Work by Sabrina Haertig Gonzalez

Woman with shoulder length brown hair looking over her shoulder at the viewer.

Sabor a Carne (2021) Experimental Gallery, Cornell University. Ithaca, NY

Sabor a Carne is a sculpture series navigating the relationship of Latinx identity to poultry processing in the United States.

These works represent dedicated, intensive research of how the Latinx body is taxed through forced migration, dangerous labor, and the consumption of American chicken. At the intersection of exploitative policy and culture, one can observe a phenomenon of cannibalism. Chicken, or Pollo, an inseparable staple to Latinx cuisine for most, is equally inseparable from the unethical modes at which it is farmed and processed in mass–which heavily exploit the Latinx bodies.

The exploitation of migrant labor and systematic disenfranchisement of Latinx communities led many to work in dangerous employment such as meat processing, which compounded with the economic accessibility and cultural relevancy of chicken, positions them as producers, consumers, and the products themselves.

As one assumes these roles, what becomes of the "self?" What becomes of their relationship to the corporeal when violence is imparted and shared by the human and non-human? At what point does the taste of one's own labor spoil? "And when did you first taste yourself in the Boneless Skinless Chicken Thighs Family Pack? *Freshness guaranteed*."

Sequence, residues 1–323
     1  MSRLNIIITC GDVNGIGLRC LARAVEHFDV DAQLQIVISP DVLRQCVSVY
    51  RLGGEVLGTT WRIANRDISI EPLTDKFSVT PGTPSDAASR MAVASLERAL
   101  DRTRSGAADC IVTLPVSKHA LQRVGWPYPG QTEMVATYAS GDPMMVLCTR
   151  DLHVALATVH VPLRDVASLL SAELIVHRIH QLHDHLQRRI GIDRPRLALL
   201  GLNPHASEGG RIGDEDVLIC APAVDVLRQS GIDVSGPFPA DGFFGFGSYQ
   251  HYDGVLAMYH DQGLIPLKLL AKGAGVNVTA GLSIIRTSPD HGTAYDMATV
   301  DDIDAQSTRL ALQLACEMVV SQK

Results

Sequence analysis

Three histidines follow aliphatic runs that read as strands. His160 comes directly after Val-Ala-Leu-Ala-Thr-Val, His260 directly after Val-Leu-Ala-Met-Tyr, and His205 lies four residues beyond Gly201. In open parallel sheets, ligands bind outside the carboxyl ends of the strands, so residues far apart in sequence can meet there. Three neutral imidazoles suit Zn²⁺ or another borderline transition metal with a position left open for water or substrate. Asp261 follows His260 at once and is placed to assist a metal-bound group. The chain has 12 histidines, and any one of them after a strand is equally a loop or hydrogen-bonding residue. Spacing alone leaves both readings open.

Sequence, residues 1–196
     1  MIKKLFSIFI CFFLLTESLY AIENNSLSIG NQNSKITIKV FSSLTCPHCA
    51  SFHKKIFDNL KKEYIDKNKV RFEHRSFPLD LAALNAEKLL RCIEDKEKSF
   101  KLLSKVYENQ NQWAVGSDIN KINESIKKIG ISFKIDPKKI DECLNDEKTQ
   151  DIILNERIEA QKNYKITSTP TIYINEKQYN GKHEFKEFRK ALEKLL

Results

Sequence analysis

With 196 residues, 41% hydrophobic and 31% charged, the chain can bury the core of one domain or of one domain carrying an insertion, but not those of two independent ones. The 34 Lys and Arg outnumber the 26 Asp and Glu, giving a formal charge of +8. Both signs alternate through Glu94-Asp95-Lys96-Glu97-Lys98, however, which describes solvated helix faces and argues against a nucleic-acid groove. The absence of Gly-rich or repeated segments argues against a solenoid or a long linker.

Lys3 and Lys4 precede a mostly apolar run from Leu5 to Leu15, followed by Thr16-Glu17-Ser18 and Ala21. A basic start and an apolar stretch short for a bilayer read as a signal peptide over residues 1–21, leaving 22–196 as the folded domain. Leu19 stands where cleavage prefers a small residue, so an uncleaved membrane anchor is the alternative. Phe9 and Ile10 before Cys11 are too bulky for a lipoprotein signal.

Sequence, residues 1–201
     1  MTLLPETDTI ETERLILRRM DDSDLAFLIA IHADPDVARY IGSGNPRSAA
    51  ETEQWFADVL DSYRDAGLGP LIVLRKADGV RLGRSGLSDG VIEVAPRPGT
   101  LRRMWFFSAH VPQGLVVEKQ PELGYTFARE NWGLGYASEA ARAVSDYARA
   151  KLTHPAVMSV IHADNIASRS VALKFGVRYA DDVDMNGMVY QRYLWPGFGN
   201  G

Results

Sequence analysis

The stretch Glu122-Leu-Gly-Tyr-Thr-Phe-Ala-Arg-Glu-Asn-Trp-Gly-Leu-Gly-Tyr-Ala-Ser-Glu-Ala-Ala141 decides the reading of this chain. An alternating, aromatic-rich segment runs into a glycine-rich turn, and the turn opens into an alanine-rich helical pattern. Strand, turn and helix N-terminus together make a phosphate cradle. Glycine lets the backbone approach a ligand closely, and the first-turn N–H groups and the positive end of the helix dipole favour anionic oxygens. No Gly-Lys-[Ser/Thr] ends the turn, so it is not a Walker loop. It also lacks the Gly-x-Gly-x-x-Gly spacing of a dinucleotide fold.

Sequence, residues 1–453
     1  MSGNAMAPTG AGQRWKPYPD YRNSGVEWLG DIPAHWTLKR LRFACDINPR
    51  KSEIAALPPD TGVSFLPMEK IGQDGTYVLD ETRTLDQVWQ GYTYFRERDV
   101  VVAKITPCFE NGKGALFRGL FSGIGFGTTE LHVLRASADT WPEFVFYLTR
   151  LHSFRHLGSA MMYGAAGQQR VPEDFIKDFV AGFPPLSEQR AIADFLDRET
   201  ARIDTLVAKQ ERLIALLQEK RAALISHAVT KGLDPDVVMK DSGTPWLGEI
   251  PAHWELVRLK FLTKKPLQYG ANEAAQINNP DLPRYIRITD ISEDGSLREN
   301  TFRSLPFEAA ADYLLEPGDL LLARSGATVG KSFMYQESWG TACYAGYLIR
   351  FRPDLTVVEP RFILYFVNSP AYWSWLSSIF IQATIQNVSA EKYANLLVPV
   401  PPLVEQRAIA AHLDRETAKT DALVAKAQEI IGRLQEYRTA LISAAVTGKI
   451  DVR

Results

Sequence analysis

This discourse is presented through the surreal manipulation of the contemporary, historical, domestic, industrial, and corporeal. From adopting pre-Columbian aesthetics to designing imagined future architectures, Sabor a Carne posits when meat became flesh.

Our Latex and Steel Heritage (2021) Dog Breakfast. Tjaden Gallery, Cornell University. Ithaca, NY

Through home-chef cyborg aesthetics and Taino Duho sculpture, Our Latex and Steel Heritage presents the collapsing of objects, tools, and beings within extractive economies. Sabrina's research has recently turned to navigate the exploitative normalities of female corporeality, animality, and the abject. The welded steel armature embodies predator and prey as it resembles a creature on four legs collapsing into its own enlarged, gaping mouth. Silicone casts of a hand-carved imaginary skin are sewn and stretched over the steel while graphs of dislocated silicone finger-nipple colonies exude. With exposed internal components, the viewer's perception of the "thing" straddles between object and creature. The work is titled Our Latex and Steel Heritage as it posits a future where a body, long subjected to labor or other extractions, dramatically inherits the materiality of its circumstances.

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